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Ask the Mental Health Expert Archives 2001-2004

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Q. I have a 24-year-old patient. She presented with acute psychosis for one month. She had been psychotic before and used Isotretinoin for 7-8 years. One to two weeks prior to the psychosis, she complained of severe headaches. Her cerebrospinal fluid (CSF) pressure is 22/22, others are within normal limits. Her Magnetic Resonance Image (MRI) showed mesial temporal sclerosis. Do you think that Isotretinoin is associated with psychotic symptoms in this patient or temporal lobe epilepsy (TLE) itself?

A. I think the neuropsychiatric effects of isotretinoin [Accutane] are still a matter of great controversy--but it's possible that the drug may have been involved in some of your patient's symptoms. I'm not aware of any research linking isotretinoin with mesial temporal sclerosis, but the drug has been linked with (1) acute seizure and confusion (Marroni et al, Ann Pharmacother. 1993 Jun;27(6):793-4); (2) pseudotumor cerebri or intracranial hypertension (AG Lee, Cutis. 1995 Mar;55(3):165-8) and (3) possibly with depression and psychosis, though this is hotly debated (JJ O'Donnell, Am J Ther. 2003 Mar-Apr;10(2):148-59).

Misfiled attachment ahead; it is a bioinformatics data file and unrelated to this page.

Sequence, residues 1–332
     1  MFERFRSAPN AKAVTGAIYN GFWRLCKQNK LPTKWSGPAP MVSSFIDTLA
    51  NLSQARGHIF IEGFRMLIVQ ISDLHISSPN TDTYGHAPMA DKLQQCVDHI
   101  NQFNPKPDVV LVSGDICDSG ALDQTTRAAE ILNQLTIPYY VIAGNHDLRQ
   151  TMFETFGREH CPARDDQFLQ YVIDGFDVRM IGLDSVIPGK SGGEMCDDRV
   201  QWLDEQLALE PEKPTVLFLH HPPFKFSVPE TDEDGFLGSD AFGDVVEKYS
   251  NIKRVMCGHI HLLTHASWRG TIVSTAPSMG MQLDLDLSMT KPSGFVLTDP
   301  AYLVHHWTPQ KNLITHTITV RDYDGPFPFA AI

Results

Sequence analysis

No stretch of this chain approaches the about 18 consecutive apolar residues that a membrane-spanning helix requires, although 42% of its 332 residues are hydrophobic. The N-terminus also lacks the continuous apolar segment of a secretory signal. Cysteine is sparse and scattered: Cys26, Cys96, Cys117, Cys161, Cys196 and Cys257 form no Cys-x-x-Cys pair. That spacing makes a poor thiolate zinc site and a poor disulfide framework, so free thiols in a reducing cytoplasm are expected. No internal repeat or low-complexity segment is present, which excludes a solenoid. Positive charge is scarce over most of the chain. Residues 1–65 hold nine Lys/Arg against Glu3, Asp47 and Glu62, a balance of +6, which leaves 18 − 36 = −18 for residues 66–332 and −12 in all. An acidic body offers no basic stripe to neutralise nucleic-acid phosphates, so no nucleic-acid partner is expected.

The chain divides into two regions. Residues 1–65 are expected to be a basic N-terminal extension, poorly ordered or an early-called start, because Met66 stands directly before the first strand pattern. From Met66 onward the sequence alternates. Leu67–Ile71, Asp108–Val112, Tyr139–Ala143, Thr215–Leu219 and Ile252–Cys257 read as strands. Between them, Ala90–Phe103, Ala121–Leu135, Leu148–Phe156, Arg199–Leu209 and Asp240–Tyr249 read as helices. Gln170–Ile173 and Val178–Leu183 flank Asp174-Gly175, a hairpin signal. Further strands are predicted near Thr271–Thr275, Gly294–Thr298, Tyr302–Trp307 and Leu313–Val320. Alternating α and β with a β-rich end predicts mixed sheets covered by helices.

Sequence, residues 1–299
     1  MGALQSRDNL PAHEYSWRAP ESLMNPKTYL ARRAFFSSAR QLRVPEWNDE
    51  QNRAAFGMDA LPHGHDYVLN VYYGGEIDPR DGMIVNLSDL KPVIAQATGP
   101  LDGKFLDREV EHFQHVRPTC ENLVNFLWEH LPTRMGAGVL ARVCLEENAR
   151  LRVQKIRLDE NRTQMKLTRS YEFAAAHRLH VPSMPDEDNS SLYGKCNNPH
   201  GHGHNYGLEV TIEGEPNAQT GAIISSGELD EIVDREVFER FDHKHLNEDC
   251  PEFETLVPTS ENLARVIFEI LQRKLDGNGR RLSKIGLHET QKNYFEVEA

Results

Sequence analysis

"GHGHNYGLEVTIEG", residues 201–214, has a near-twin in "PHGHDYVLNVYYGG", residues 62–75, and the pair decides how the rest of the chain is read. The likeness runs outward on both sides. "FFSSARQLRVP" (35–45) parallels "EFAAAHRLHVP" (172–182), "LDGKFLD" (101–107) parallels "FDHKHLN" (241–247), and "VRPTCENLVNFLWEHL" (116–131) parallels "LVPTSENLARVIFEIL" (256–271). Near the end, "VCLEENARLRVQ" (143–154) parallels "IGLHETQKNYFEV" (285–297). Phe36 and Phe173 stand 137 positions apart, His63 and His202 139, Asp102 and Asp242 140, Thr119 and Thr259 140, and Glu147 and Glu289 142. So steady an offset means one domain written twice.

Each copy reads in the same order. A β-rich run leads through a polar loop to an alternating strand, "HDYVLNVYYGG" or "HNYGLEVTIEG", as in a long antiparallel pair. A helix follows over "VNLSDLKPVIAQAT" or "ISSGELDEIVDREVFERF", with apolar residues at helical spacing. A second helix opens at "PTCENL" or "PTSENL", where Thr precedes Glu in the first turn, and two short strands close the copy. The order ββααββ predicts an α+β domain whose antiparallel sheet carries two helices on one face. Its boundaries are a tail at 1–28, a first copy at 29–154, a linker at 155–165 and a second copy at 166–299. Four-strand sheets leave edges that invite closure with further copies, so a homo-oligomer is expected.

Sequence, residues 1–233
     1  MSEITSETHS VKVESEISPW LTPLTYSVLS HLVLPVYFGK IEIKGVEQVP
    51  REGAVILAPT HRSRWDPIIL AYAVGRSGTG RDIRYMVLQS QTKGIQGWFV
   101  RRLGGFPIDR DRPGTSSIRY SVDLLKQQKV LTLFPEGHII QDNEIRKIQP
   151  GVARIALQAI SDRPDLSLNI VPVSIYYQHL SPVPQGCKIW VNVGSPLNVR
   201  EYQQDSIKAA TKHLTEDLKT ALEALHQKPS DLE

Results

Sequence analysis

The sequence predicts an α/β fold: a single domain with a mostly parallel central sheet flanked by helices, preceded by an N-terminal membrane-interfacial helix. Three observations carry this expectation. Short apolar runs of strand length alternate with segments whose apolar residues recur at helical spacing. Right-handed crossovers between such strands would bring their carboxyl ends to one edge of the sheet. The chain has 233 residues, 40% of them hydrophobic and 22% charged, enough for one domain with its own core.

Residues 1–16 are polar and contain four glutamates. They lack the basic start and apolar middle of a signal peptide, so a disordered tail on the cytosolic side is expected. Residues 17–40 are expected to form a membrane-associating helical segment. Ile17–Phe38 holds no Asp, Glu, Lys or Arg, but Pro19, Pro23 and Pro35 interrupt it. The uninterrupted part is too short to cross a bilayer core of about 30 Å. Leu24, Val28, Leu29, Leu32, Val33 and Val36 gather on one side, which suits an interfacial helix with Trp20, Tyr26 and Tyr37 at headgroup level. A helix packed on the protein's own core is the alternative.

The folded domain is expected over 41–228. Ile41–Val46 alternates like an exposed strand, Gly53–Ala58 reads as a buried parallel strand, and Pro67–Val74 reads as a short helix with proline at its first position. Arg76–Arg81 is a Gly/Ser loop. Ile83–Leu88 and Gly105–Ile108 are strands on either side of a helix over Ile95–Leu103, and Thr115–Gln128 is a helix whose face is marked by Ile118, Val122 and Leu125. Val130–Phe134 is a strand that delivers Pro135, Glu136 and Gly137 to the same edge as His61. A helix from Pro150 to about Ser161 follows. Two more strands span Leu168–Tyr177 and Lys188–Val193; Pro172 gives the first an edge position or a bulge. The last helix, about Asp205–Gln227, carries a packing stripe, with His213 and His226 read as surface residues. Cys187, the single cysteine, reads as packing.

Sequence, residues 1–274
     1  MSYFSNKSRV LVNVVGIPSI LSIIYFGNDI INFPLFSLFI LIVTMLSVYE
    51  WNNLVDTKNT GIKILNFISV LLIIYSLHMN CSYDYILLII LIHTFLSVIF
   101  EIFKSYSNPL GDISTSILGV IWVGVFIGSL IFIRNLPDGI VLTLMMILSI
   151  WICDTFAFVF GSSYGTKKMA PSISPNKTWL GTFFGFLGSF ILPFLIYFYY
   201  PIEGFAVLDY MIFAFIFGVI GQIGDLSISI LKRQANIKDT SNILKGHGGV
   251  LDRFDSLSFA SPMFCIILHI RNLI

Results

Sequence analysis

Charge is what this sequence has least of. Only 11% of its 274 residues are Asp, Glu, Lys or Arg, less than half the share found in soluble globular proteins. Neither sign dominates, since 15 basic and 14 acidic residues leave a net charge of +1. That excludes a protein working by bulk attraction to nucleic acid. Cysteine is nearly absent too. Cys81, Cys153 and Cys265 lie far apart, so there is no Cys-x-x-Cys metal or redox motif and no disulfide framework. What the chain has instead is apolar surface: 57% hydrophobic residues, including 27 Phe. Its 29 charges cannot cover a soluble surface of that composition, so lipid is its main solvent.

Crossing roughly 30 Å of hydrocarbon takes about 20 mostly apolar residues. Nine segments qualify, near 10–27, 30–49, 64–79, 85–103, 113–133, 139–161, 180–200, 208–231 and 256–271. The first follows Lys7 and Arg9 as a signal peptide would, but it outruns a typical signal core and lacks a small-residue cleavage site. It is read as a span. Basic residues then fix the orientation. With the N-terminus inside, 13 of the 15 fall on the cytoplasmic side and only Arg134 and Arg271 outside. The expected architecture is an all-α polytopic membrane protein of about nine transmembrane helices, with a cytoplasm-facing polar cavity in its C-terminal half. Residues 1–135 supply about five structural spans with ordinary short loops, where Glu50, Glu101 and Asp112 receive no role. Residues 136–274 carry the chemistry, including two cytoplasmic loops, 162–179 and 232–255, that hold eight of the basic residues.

As you know, proving causality is always tough in these matters. Since there is also a well-known link between epilepsy, mood disorder, and psychosis, it's also possible that your patient's acute psychosis was related to underlying temporal lobe pathology, and had nothing to do with the isotretinoin. (See WA Lishman's classic text, Organic Psychiatry for more on this). But to be on the safe side, I'd consider avoiding further use of that drug for this patient.

December 2003

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